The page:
November 16, 1994 – After receiving formal promises of security assurances from the leaders of the U.S., Russia, and Britain, President Leonid Kuchma recommended to his parliamentary representatives that the nation of Ukraine formally accede to the Nuclear Non-Proliferation Treaty (NPT) as a nonnuclear weapons state and agree to transfer its stockpile of strategic nuclear warheads to Russia, which was accomplished on June 1, 1996.   Comments:  Removing strategic nuclear weapons from former Soviet republics after the collapse of the Soviet Union in December 1991 was an important step toward reducing the risks of nuclear war.  The events surrounding the Crimea-Ukraine Crisis of 2014-15 reinforces the wisdom of these steps.  However, the global eradication of these doomsday weapons will serve humanity to a much greater degree in this century rather than continuing the flawed conflict-driven rhetoric of the current international policy of nuclear deterrence and nonproliferation which validates and reinforces the belief that it is legitimate for select members of the Nuclear Club to maintain and even increase and modernize their nuclear arsenals while allowing other nations, such as Israel, a free pass to flaunt the NPT regime entirely.  (Source:  Jack Mendelsohn and David Grahame, editors.  “Arms Control Chronology.”  Washington, DC:  Center for Defense Information, 2002, pp. 39-40.)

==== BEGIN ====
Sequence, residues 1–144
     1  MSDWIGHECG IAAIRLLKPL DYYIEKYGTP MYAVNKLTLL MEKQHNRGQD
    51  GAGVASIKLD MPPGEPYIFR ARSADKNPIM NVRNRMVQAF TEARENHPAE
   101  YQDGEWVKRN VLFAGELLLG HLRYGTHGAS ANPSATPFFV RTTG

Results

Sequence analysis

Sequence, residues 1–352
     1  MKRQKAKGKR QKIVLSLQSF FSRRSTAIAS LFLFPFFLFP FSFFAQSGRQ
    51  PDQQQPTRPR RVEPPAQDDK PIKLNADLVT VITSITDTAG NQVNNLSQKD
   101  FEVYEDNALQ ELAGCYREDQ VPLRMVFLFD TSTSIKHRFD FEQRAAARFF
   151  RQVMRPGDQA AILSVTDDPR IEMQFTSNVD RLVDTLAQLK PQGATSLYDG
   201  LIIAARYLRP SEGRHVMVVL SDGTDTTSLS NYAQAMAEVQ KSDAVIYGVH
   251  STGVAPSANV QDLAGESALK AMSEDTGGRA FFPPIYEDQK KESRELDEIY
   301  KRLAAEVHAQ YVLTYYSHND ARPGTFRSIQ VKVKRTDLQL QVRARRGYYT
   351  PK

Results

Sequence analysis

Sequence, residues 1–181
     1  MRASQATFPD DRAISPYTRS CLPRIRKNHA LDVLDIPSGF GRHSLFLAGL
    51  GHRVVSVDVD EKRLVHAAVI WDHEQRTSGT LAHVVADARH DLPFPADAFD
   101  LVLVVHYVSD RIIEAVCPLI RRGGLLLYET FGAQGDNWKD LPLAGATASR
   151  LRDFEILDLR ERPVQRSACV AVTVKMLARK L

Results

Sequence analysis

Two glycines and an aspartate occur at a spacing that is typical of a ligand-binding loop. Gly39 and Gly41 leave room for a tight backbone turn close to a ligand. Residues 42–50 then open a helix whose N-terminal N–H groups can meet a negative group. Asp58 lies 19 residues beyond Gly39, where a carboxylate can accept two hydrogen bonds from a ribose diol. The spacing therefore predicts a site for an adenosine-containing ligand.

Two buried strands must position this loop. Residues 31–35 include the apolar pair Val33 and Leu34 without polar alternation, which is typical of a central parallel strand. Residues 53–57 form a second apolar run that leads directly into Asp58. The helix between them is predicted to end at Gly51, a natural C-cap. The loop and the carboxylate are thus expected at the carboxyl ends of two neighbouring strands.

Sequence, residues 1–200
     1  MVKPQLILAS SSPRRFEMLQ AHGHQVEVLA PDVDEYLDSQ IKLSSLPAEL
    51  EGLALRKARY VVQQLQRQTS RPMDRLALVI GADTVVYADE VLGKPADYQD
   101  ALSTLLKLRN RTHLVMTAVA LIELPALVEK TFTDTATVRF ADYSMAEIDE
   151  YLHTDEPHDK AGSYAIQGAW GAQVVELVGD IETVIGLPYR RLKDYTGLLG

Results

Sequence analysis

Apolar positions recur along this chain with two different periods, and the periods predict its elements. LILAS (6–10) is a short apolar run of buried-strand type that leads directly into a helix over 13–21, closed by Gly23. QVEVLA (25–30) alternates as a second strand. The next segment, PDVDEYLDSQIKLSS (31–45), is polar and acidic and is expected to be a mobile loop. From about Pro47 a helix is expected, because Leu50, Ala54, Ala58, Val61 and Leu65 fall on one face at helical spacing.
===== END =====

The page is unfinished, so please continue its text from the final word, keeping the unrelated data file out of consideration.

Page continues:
November 22-23, 1983 – The West German parliament approved U.S. Pershing II nuclear missile deployments on November 22nd and the first squadron of these U.S. intermediate-range nuclear weapons arrived in Europe the next day causing the Soviet delegation to walk out of the Intermediate Nuclear Forces (INF) negotiations in Geneva.  The talks did not resume for nearly a year and a half until March 12, 1985.  This period of time represented the height of U.S.-Soviet nuclear tensions.  Some other contributing factors included:  the September 1, 1983 Soviet shootdown of Korean Airlines Flight 007 near Sakhalin Island; a September 26, 1983 Soviet false nuclear alert; the November 1983 NATO Able Archer military exercise that Soviet leadership widely misinterpreted as a warmup for an eventual U.S. First Strike nuclear attack; and the August 11, 1984 off-the-cuff sound check gaffe by President Ronald Reagan (“We begin bombing Russia in five minutes.”)  (Sources:  Eric Schlosser.  “Command and Control:  Nuclear Weapons, the Damascus Incident, and the Illusion of Safety.”  New York:  Penguin Press, 2013, Oliver Stone and Peter Kuznick.  “The Untold History of the United States.”  New York:  Gallery Books, 2012, and Jack Mendelsohn and David Grahame, editors.  “Arms Control Chronology.”  Washington, DC:  Center for Defense Information, 2002, p. 47.)